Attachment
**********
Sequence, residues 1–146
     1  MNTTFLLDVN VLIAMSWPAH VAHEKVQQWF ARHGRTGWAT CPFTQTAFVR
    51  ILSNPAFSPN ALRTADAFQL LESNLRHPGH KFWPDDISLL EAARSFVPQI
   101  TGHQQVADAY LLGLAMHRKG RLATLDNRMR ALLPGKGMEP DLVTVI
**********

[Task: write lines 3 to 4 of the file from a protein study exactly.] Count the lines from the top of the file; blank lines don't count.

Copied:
    51  ILSNPAFSPN ALRTADAFQL LESNLRHPGH KFWPDDISLL EAARSFVPQI
   101  TGHQQVADAY LLGLAMHRKG RLATLDNRMR ALLPGKGMEP DLVTVI